Accumulate Digital Identifiers (ADI) are human-readable addresses similar to website URLs that are chosen by individuals or assigned by organizations to represent their presence on the blockchain. One way to think about an ADI is as a wrapper for a token that enables that token to assume a new format and perform certain functions that are particular to another protocol that is different from its own.
Those who use the Ethereum network will be familiar with Wrapped ETH or Wrapped BTC. These are versions of Ethereum’s native cryptocurrency ETH and Bitcoin that are inputted into a smart contract that enables a new type of token to emerge (WBTC and WETH) that is more compatible with the Ethereum network and its various decentralized applications.
Wrapping allows users to lend their BTC on Ethereum based DeFi protocols like Aave and earn yield, despite the lack of compatibility between the Ethereum and Bitcoin network due to their different consensus mechanisms.
Similarly, ADIs can manage NFTs, cryptocurrencies, or tokens from different blockchains and marketplaces, allowing them to be seamlessly traded between each other and recorded on a unified and accessible ledger that is on Accumulate.
This solution enables liquidity to be more widely dispersed between protocols and tokens, while also consolidating transaction data between disparate networks in order to solve the data availability problem (i.e improving the ability for nodes to download and audit the history of transactions between multiple blockchains in a way that is secure, transparent and tamper-proof).
Solving the Liquidity Problem
The aggregation of various Defi and NFT marketplaces under a single ADI-enabled communication layer creates an opportunity for liquidity to be more easily injected into the system in order to provide buyers and sellers with the best prices to enter and exit their positions.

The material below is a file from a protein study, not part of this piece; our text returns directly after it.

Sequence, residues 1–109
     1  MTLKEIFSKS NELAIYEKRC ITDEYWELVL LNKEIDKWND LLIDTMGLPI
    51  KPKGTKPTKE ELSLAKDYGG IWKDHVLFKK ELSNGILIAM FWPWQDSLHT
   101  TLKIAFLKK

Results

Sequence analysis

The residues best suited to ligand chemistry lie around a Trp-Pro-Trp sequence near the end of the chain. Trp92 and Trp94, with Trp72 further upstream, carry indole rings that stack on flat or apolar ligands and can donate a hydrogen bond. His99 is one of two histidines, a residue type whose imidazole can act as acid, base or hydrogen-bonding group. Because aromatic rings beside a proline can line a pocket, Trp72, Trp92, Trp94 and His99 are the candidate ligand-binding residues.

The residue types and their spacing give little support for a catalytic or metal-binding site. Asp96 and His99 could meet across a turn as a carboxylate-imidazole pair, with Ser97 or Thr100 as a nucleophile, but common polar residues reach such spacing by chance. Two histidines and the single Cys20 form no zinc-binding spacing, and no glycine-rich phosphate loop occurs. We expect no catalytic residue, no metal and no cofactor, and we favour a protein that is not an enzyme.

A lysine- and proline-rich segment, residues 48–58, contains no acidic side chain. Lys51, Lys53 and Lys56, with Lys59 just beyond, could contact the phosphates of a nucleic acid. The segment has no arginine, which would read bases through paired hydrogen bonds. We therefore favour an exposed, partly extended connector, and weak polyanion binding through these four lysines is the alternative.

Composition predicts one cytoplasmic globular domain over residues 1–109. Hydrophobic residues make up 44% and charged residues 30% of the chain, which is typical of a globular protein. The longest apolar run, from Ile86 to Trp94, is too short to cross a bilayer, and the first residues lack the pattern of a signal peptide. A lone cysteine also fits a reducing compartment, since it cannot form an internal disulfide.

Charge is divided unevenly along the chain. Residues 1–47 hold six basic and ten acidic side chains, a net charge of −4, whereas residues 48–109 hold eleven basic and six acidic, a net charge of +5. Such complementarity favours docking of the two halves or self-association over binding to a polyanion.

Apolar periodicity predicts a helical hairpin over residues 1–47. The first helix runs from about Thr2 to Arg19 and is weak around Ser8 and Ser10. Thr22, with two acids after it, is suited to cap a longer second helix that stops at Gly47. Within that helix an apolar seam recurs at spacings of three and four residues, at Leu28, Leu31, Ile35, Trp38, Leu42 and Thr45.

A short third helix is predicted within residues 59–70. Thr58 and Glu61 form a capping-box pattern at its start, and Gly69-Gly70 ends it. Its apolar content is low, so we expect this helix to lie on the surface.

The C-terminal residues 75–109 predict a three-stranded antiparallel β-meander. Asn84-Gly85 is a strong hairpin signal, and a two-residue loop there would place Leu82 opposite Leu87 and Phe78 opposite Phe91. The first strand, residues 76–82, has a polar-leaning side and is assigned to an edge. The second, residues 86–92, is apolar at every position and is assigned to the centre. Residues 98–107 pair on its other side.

We can imagine a scenario where large financial institutions such as hedge funds may see an opportunity to put significant amounts of capital to work that can be used to provide liquidity and facilitate market-making amongst NFT, cryptocurrency, and gaming assets from various blockchains.
All entities and tokens would be registered as ADI’s. The hedge fund could assume the role of a market maker and offer to buy bundles of multi-chain NFT assets at a favorable discount from their average floor price, which it could then turn around to sell to other entities on Accumulate for a marginal profit.
Similarly, the hedge fund could also purchase a variety of low cap tokens in large quantities at a discount in exchange for highly liquid assets like Bitcoin, ETH, or USDC. These bundles of low cap NFTs and tokens could be managed by a single ADI, making them easily transferable between other ADIs and even usable as a form of collateral to borrow other assets.
Tying this structure together, oracle protocols would provide Accumulate with a real-time price feed of ADI-managed digital assets from their native chains.
The end result would be an aggregation of digital assets from all corners of the Web3 space operating under the umbrella of Accumulate’s unified communication layer and supported by deep pockets of liquidity provided by the traditional financial system.
Unifying Record-Keeping Across Disparate Networks